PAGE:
The syntax of lexical decomposition of predicates: ways of encoding events and multidimensional meanings
University of Delaware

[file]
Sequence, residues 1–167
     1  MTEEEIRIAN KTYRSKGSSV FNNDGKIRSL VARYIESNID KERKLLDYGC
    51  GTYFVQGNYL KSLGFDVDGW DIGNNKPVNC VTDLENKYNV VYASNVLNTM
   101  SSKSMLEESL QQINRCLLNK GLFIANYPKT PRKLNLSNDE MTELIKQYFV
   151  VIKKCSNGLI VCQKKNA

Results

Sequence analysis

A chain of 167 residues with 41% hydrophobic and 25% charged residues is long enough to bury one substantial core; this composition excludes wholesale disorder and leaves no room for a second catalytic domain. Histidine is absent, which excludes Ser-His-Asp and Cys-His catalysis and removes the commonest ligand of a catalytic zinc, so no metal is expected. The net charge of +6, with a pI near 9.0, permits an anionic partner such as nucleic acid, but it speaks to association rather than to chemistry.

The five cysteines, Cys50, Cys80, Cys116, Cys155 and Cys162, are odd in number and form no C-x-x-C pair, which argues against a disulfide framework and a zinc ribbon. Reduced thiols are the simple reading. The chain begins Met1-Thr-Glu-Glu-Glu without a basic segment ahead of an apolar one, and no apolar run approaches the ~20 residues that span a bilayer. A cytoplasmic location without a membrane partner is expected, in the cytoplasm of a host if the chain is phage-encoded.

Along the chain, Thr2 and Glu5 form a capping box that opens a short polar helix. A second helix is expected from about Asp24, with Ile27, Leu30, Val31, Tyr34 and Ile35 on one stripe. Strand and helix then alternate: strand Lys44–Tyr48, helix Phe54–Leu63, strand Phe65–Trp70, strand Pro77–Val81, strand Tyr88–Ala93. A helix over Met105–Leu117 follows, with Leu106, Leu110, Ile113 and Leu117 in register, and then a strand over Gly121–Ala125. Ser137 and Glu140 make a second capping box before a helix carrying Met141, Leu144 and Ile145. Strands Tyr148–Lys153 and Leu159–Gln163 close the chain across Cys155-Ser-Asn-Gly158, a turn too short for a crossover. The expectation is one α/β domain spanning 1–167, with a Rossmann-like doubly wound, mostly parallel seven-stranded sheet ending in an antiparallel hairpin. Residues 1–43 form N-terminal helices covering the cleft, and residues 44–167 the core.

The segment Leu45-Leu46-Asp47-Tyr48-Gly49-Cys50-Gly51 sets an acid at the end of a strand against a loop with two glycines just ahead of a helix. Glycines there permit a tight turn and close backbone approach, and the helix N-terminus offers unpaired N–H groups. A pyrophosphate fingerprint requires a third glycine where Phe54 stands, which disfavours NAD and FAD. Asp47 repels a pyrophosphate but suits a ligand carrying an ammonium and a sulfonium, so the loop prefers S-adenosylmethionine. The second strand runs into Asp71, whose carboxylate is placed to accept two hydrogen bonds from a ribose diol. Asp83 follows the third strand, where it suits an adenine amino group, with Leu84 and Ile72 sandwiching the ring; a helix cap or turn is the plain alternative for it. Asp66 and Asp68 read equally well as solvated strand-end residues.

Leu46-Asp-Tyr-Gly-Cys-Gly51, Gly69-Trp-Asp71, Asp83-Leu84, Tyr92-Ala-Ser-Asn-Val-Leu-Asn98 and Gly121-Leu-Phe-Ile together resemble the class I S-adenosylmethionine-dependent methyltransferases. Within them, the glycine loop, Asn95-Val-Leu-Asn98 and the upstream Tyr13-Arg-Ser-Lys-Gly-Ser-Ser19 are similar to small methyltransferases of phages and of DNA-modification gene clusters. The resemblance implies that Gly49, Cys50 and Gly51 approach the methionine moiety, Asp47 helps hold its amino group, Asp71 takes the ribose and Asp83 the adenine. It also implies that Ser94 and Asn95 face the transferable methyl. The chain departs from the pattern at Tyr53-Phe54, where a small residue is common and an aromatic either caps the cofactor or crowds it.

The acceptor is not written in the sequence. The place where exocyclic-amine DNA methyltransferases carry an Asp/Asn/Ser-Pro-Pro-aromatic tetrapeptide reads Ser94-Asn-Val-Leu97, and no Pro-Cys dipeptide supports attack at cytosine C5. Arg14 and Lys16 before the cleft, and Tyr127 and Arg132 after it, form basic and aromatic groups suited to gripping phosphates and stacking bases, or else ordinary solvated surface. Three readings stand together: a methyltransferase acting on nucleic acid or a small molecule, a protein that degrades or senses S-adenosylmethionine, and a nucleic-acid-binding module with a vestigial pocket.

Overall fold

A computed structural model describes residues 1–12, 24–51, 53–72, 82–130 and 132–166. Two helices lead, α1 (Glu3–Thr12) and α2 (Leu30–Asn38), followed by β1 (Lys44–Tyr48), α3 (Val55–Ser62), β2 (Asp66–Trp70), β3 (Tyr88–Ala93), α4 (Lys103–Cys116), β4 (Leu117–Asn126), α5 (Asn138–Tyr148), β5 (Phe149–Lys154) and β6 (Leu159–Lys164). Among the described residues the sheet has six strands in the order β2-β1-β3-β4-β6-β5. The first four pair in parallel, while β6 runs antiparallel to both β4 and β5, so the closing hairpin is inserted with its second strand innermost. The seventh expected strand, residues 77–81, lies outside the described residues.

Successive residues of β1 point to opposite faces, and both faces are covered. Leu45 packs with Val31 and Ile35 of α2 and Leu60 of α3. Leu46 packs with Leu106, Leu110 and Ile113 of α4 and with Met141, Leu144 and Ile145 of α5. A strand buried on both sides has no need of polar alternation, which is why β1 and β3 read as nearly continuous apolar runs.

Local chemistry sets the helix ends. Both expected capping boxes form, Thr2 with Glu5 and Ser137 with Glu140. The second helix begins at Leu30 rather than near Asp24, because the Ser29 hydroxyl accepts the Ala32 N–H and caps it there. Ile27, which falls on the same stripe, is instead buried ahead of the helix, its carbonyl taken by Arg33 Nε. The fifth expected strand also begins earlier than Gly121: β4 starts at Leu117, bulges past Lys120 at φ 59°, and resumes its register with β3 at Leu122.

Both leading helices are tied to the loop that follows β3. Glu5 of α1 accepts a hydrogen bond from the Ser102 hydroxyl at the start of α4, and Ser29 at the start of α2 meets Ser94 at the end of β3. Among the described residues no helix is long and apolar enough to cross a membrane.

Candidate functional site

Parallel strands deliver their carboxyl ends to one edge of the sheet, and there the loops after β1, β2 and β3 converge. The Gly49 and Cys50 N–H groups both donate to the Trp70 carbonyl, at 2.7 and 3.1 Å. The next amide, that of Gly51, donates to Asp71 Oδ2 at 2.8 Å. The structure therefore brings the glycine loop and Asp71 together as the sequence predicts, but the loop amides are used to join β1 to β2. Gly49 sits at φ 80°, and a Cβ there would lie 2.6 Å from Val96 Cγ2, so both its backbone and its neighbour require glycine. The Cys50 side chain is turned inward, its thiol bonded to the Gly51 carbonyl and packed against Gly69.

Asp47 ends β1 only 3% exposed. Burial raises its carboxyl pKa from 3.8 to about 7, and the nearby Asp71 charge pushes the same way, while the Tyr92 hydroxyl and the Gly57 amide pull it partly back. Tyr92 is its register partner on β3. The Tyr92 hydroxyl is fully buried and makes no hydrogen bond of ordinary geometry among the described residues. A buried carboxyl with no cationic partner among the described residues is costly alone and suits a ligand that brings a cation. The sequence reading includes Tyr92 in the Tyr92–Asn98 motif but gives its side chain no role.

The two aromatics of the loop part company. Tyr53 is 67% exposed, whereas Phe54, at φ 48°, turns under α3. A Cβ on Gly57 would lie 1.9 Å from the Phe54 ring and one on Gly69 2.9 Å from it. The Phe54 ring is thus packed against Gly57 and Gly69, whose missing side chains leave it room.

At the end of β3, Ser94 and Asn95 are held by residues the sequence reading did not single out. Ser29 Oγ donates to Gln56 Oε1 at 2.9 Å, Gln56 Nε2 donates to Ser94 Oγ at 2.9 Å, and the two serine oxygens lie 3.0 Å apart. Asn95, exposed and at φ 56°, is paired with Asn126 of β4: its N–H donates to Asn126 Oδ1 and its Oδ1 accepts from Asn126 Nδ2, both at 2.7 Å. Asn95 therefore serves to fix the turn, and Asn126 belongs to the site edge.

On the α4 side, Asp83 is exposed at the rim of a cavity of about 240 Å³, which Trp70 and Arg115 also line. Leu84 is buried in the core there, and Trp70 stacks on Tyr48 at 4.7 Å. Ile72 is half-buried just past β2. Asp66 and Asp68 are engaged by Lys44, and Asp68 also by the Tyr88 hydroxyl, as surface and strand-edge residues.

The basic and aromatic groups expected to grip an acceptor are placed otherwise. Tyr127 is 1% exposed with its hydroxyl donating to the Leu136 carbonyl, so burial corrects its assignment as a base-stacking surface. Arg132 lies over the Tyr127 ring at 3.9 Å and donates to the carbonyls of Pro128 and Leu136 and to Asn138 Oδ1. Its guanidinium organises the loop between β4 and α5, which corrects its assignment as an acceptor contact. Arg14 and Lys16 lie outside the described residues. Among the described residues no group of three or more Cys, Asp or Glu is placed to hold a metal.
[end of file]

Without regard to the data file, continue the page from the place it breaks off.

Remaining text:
The expression of possessive, benefactive, and adversative meanings is a central part of languages that is generally and universally relevant to the description of languages. The usual means for expressing these meanings in Korean, Japanese, and Thai, the three languages under consideration, is with a verbal morpheme. The primary goal of this dissertation is to examine the different argument structures that encode these meanings, namely ditransitive constructions, benefactive constructions, and adversity (passive) constructions, and provide additional empirical support for the syntactic approach to predicate decomposition using event semantics. I shall propose that each construction can be decomposed into different syntactic verbal heads, each of which contributes a subpart of the meaning of the sentences, an analysis from which the syntactic and the semantic properties follow quite straightforwardly. I shall also show that not all of the meanings that are discussed in this dissertation behave uniformly, such that some elements of meaning are projected as not-at-issue meaning, like an implicature or a presupposition in multidimensional semantics. The thesis shows that the observed syntactic and semantic properties converge neatly with the theory of syntactic decomposition using event semantics, and certain linguistic phenomena such as ditransitives, benefactives, and adversity (passive) constructions can only be explained by making explicit the complex event structure of a verbal predicate at the level of syntax.